Surely I am not the only one noticing the impact of outrageous acts of violence on American culture. For a year we have watched Vladimir Putin perpetrate a brutal war on innocent Ukrainian civilians, with no consequences. For years we have watched his friend and buddy Donald Trump get away with egregious illegal behavior, with no consequences. We have watched helplessly as innocent black men and women have been beaten to death by police, and innocent men, women, and children are shot to death by lunatics waving around military-style weapons. And now we watch as our strongest allies are persecuted in Congress by scheming, power-mongering Republicans who only sit in Congress because of their invalid victories in gerrymandered districts.

The effect of these images in my consciousness is an enormous sense of powerlessness. Perhaps that is the intention: the news media sets out to make us feel as helpless and powerless as possible, so that we become vulnerable to the power-hungry.

The other night I went to an event held by a powerful lgbtq+ organization at a hotel in Times Square. I had jumped through the hoops of applying for press accreditation, and had received a confirmation that my materials had been received. Yet, when I arrived at the press table for the event, my name did not appear in the system. As we were going back and forth trying to figure out the source of the problem, security staff magically appeared. Suddenly I was surrounded by six or more large, burly white men who were bent on removing me from the building. ME! A little old black lady who came to cover this lgbtq+ event. Images of Tyre Nichols' murder flashed through my mind as I attempted to grasp the reality that these burly white men saw me as a threat, and probably would feel justified in inflicting violence against me.

It is not in my nature to get loud or belligerent, thus giving them a reason to justify throwing me out. Someone neglected to inform these security men that they were there to protect this group from potentially threatening homophobes, and not from a member of the press.

Ironically, the "big boss" who was called to the scene was an immigrant - probably Mexican or Puerto Rican - who could hardly speak or understand English. It was useless for me to try to explain the situation to him. He was there to remove me, and not to understand me.

The need to dehumanize is running rampant. 

We have all seen how testosterone whips these men up into a frenzy, and within a few minutes, someone ends up dead. Something is seriously wrong with society when white men need to attack a black woman just to feel better about themselves.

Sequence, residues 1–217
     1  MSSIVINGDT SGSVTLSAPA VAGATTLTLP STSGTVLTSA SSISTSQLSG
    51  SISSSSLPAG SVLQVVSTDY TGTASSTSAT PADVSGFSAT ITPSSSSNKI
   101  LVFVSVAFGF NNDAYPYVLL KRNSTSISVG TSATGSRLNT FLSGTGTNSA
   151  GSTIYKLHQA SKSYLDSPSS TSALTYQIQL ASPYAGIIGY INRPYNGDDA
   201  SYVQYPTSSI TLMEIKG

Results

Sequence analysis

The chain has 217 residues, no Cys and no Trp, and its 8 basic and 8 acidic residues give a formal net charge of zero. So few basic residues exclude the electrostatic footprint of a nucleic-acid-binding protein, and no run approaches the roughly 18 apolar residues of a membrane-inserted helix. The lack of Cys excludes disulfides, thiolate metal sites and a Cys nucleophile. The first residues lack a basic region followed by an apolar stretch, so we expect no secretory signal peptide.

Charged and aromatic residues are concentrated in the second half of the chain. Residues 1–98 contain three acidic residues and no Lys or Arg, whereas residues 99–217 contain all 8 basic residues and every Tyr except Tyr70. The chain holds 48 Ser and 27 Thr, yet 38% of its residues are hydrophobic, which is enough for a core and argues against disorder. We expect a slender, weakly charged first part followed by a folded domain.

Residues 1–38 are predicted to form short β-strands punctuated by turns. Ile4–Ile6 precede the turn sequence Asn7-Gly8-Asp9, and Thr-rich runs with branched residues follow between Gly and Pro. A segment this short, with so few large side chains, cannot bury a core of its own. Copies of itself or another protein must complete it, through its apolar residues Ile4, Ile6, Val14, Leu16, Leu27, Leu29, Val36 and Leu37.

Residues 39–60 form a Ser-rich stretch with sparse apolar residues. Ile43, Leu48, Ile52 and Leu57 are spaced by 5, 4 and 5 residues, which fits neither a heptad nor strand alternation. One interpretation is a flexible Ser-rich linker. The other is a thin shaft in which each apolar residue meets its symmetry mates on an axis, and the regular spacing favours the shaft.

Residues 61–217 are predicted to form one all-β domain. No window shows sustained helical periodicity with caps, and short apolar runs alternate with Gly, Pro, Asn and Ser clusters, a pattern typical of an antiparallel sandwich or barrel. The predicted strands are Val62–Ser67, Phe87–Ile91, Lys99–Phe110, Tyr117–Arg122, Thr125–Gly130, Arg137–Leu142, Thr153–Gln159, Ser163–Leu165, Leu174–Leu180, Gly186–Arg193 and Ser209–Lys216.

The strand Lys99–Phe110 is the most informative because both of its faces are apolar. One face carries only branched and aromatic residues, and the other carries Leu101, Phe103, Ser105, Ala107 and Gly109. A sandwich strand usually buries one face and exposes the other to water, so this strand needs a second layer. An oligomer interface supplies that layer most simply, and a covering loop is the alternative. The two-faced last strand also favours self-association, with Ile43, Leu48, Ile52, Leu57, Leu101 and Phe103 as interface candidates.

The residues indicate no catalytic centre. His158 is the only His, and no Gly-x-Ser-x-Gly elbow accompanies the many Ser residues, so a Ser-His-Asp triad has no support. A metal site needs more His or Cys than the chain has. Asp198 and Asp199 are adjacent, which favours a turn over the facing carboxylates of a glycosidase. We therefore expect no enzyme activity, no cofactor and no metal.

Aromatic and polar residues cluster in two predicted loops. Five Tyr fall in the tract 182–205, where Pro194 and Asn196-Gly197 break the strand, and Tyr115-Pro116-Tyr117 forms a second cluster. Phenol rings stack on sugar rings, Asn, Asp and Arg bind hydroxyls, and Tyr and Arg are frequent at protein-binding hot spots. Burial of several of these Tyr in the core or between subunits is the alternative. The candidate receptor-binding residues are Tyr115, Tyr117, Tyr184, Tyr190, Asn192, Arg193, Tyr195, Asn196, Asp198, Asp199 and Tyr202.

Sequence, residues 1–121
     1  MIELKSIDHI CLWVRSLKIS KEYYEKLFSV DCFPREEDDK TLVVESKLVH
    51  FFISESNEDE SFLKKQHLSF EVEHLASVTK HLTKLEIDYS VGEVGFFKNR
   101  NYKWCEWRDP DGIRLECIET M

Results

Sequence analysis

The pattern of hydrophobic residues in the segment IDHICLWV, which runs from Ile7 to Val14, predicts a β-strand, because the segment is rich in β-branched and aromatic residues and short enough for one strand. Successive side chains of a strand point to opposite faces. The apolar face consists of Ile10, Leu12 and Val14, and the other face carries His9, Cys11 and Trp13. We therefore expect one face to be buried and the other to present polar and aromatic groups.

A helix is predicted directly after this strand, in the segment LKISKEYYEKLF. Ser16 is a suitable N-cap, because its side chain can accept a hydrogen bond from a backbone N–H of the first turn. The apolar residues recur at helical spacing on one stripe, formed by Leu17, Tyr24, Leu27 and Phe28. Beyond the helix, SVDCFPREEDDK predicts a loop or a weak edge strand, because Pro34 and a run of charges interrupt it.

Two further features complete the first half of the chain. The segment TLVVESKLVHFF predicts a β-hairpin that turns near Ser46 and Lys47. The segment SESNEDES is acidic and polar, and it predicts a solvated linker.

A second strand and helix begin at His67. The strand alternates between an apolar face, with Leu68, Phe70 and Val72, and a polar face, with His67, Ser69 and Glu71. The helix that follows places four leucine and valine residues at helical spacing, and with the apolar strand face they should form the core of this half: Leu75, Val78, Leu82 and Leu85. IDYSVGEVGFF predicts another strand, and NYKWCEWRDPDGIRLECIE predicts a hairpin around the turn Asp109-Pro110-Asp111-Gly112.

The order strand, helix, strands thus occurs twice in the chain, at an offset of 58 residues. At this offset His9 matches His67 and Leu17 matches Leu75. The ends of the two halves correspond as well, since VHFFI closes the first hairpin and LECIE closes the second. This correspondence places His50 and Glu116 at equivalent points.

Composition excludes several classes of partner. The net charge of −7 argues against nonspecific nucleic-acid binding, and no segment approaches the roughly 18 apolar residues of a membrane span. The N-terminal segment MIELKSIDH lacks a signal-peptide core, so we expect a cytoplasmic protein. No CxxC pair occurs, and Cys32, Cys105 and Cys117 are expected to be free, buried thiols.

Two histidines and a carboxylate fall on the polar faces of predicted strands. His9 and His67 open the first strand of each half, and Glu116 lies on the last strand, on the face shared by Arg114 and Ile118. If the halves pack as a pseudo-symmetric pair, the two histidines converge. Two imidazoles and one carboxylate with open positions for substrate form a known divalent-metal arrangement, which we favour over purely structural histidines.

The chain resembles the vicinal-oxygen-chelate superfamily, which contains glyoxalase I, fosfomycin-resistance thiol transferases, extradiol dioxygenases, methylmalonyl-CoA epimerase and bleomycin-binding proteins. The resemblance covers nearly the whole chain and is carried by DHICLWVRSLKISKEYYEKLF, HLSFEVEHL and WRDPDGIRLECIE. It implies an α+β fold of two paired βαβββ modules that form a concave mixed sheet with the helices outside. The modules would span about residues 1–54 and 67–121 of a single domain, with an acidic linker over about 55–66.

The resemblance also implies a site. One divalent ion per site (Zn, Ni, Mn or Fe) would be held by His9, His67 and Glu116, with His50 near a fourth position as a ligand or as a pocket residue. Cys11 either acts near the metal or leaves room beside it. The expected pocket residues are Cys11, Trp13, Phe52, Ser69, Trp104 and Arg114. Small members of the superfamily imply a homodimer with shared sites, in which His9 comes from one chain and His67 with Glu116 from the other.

Luckily, later that night I happened upon a Facebook post about a black woman pioneer in the 1850s. The post was prefaced by the statement: 

"I am convinced, Black women have ALWAYS been entrepreneurs. We had/have no other option(s)."

Clearly these security men had nothing else to do, and were chomping at the bit to unleash their power on a helpless, elderly female. When I try to imagine such a mindset, I totally draw a blank. I can't even imagine wanting to inflict violence on someone who has done nothing wrong, who was simply the victim of some kind of technical error. But this rush to judgment is, usually, typically male. It is interesting to point out that this national organization has a recently-appointed black woman president, but as far as the rest of the administrative staff is concerned, men are still making most of the decisions. Congressmen and senators were supposedly present, some of whom were scheduled to give speeches. Unfortunately I cannot comment on this as I was not allowed to see if they came or not. 

If such a prestigious political organization is allowing Nazi-style tactics to be used in their name, maybe it is time for the administrators to evaluate whether or not some of their personnel should remain in their positions.

Or maybe they have become corrupted by their own power. Trust and believe that I will be keeping my eye on this organization. Stay tuned...


Nina Kennedy is a concert pianist, orchestral conductor, and award-winning filmmaker. She holds a master’s degree from the Juilliard School. Her memoir, Practicing for Love, is a 2021 Lambda Literary Award Finalist. The sequel, Practice What You Preach, is available at


  1. "We have seen far too many instances of people of color being treated inappropriately by members of law enforcement. [...] Too many people get dehumanized in that process, that interaction they have with people in law enforcement."
    -- Former Attorney General Eric Holder


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